Saturday, 18 January 2014

Is A Dose OfMg A Day Of Black Cohosh Safe For Women

Is A Dose Of 540 Mg A Day Of Black Cohosh Safe For Women

For centuries, Native Americans have included black cohosh in their health treatments for painful joints, sore throat, general discomfort, kidney problems and issues related to the female reproductive system, reports the website Planet Botanic. Today, women use it to relieve many of the symptoms associated with menopause, such as hot flashes and mood changes, and proponents claim it is beneficial in the treatment of arthritis. However, there is not enough clinical evidence to support its use for these ailments, and you should consult your physician before beginning any sort of regimen.

Suggested DosesThe Mayo Clinic notes that there is no proven effective dose for black cohosh for either the treatment of arthritis or menopause symptoms; however, the British Herbal Compendium advises taking no more than a total of 40 to 200 mg per day of the dried underground stem in divided doses. Traditional dosing of black cohosh has been as much as 1 to 2 g taken three times a day. A 540mg dose falls in between these guidelinesover twice the amount the British Herbal Compendium recommends, but much less than the traditional dose. Susun Weed, an herbal practitioner, states that black cohosh is a tonifying herb that demonstrates a cumulative effect in the body rather than an immediate effect. She advises that black cohosh works best when taken in small quantities over an extended period of time. Planet Botanic suggests that if youve taken black cohosh for four months and have noticed no change in symptoms, then you should discontinue its use.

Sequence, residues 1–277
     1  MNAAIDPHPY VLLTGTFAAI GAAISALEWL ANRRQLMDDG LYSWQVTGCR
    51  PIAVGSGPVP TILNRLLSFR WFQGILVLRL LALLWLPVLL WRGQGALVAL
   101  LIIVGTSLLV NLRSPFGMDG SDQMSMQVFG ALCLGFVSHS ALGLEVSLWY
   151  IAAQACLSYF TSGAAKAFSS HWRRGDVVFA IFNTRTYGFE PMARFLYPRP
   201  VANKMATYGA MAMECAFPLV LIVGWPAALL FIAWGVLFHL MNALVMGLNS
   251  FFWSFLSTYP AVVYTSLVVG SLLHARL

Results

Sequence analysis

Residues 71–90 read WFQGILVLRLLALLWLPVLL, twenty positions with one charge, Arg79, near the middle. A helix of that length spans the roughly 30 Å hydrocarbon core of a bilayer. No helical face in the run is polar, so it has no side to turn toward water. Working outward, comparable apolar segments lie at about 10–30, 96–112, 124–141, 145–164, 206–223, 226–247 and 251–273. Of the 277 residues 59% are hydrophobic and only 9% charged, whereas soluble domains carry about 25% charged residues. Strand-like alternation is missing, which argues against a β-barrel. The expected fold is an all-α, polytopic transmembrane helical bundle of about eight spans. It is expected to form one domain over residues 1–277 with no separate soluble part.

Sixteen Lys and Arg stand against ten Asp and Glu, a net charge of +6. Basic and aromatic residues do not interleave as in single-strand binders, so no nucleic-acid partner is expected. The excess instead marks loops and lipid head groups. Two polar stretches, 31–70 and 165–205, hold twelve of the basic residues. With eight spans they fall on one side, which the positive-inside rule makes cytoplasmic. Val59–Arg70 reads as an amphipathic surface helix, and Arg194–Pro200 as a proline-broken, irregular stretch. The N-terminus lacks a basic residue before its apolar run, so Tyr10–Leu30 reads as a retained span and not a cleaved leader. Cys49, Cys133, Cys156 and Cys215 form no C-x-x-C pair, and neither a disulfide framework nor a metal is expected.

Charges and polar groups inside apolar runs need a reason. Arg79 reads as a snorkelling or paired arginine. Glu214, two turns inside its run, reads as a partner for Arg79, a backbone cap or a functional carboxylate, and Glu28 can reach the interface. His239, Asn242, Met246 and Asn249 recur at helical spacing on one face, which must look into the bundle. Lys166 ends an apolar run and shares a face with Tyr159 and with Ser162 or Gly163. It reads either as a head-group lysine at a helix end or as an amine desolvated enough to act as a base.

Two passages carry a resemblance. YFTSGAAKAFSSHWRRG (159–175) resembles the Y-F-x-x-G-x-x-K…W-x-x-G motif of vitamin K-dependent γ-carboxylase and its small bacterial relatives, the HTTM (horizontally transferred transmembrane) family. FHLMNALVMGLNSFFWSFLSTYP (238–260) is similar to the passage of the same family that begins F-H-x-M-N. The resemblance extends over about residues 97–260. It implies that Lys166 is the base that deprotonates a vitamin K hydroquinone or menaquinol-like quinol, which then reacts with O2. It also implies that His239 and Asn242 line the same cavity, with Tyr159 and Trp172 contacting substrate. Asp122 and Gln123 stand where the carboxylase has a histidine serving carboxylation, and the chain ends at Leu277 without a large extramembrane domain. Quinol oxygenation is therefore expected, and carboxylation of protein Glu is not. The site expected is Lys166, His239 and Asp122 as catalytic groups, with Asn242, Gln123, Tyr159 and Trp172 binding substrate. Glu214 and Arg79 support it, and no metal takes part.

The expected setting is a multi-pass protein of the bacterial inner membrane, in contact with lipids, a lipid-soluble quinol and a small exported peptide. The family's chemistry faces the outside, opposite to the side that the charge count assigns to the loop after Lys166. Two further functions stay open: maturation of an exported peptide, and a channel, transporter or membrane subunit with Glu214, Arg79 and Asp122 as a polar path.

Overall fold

ContraindicationsWomen with known liver disease should avoid black cohosh, and if you experience liverrelated symptoms while taking the supplement, such as abdominal pain, dark urine or jaundice, discontinue use and contact your physician. Women who are pregnant or breastfeeding or who have a blood clotting disorder, seizures or high blood pressure should only use black cohosh under the guidance of their healthcare practitioner. If you are allergic to the buttercup plant or any other plants in the buttercup family, avoid use of black cohosh due to potential allergic reactions.

Potential Side EffectsPotential side effects include constipation, lower abdominal discomfort, nausea, loss of bone mass irregular heartbeat and low blood pressure, says the Mayo Clinic. High doses may also cause headache, dizziness and perspiration. To date, there has been no evidence to suggest that black cohosh interacts adversely with prescription medications, states the Office of Dietary Supplements from the National Institutes of Health; however, there have been very few studies in this area. It should not be used as a substitute for professional medical advice, diagnosis or treatment. LIVESTRONG is a registered trademark of the LIVESTRONG Foundation. Moreover, we do not select every advertiser or advertisement that appears on the web sitemany of the advertisements are served by third party advertising companies.

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